Screening for Hearing Loss in Older Adults
August 14, 2012

Insufficient Evidence On Benefits Of Hearing Loss Screenings

Connie K. Ho for — Your Universe Online

The U.S. Preventive Services Task Force (USPSTF) recently looked at the benefits and harms of hearing loss screenings. The authors believe that the study is important as age-related hearing loss is prevalent among the elderly who are 50 years or older. It is also an issue of concern as it can affect the quality of life and social functioning of seniors.

To begin, the USPSTF looked at evidence that was published from 1950 to January 2010. The studies were related to screenings for age-related sensorineural hearing impairments in adults who were 50 years of age or older who were not diagnosed with hearing loss. Based on the results of the review, the authors recommended that, for asymptomatic adults who were 50 years of age or older, there was not enough current evidence to understand or measure the benefits and harms of having screenings for hearing loss.

"If you have a hearing problem, you should absolutely bring it up with your doctor," USPSTF co-vice chair Dr. Albert Siu, a professor at the Mount Sinai School of Medicine, told Reuters Health.

In one part of the statement, the authors described how screening tools can help identify hearing loss in adults. Clinical tests can test a person´s ability to hear things like a finger rub, a whispered voice, or an insect. A handheld screening instrument, made up of an otoscope with an audiometer built-in, is also utilized in exams. Further testing includes single test questions or more detailed questionnaires like the Hearing Handicap Inventory for the Elderly-Screening Version (HHIE-S).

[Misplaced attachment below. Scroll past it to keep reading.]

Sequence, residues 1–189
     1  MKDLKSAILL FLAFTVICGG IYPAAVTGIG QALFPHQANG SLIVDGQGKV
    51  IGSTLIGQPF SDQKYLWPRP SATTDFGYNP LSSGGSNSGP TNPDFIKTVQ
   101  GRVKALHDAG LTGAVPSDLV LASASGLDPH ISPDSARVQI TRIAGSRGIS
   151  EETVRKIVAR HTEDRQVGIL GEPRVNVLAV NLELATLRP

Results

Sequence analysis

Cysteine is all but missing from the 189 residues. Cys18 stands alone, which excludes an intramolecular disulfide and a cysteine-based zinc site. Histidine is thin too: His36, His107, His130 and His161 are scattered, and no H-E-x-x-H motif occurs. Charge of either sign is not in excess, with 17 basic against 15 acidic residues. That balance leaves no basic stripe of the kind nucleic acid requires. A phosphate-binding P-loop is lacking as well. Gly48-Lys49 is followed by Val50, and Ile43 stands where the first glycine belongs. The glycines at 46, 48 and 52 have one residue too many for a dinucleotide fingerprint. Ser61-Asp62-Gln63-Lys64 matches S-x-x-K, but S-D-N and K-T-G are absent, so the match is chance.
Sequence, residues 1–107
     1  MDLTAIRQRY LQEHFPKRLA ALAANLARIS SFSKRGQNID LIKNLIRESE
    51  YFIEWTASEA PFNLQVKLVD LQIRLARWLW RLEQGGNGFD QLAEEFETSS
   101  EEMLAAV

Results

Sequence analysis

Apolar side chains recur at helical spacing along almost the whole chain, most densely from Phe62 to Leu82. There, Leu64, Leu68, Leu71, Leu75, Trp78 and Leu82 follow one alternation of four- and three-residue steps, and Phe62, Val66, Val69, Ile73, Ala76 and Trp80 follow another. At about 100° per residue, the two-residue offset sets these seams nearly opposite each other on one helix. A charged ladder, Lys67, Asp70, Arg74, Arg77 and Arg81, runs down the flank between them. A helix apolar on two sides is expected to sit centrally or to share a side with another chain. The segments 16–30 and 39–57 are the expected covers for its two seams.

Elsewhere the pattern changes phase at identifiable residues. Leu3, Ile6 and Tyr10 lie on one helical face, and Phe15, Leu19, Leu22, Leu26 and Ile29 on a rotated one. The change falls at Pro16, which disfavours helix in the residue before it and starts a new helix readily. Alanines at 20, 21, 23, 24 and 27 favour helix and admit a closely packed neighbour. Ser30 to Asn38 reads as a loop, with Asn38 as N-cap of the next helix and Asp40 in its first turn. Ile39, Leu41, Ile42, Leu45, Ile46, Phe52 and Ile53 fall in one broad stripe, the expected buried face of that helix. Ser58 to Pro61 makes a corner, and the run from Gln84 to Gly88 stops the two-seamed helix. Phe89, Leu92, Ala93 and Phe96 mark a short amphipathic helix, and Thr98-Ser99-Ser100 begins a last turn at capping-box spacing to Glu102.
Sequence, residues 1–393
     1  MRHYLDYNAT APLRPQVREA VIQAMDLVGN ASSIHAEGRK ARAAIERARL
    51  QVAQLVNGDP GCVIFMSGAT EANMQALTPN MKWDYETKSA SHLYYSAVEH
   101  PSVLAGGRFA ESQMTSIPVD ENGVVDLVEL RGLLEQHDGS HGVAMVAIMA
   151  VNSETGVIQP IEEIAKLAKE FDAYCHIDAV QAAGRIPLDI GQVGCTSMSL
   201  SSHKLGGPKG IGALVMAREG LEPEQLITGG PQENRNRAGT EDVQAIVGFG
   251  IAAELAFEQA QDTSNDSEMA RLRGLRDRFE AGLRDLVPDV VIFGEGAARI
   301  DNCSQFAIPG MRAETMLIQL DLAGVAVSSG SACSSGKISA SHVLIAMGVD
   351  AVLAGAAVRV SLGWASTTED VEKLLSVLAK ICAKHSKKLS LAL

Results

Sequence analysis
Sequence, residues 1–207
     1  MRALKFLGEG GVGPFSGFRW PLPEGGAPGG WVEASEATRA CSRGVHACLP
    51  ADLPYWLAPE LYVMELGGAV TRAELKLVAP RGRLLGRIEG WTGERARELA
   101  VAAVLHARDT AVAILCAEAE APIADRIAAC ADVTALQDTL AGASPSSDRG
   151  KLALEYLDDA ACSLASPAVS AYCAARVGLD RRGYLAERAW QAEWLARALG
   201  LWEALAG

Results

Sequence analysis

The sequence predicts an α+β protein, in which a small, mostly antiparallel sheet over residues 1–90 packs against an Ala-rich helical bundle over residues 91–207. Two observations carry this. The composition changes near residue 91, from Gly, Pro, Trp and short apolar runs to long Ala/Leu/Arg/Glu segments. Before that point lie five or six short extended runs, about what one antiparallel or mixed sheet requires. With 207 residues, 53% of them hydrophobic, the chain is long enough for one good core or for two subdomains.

As well, the authors explained in the statement how hearing loss may be due to a number of different things. The risk factors include past exposure to loud noises, recurring inner ear infections, some systemic diseases like diabetes, or genetic factors. For individuals who believe they need a hearing aid, they can confirm hearing loss with a pure-tone audiogram. Studies have shown that hearing aids can improve communication, social functioning, and self-reported hearing for adults who have age-related hearing loss.

"Ask them how they're doing. If they say they're fine, just leave it there," remarked Ellen O'Neil, associate director of audiology at the Massachusetts Eye and Ear Infirmary, in the Reuters Health article.

Older adults may not realize that they have hearing loss. On one hand, they may change their daily activities to deal with the hearing loss. On the other hand, they might feel a social stigma to seeking out treatment or obtaining a hearing-aid. So, even though the USPSTF statement doesn´t make any recommendations, some experts believe it is still important for physicians to ask their patients about possible hearing loss.

"If you don't ask, you won't find out," Ronald A. Hoffman, medical director of the New York Eye and Ear Infirmary's Ear Institute, told Reuters Health.

The recommendation replaces a recommendation made in 1996 by the USPSTF that advised older adults to consider periodic examination and counseling regarding the availability of hearing aids. There have been few other studies that have examined the effectiveness of the “treatment” for hearing loss. The statement calls for more studies to be done to understand if screenings can be helpful of harmful for the health of the elderly.

"I think the recommendation is nothing more than a call to action for researchers," commented Jaynee A. Handelsman, vice president of audiology practice for the American Speech-Language-Hearing Association (ASHA), in the Reuters Health article. "The gist of the recommendation is that there is not sufficient evidence to say whether we are or we're not supposed to be screening adults 50 years old and older.”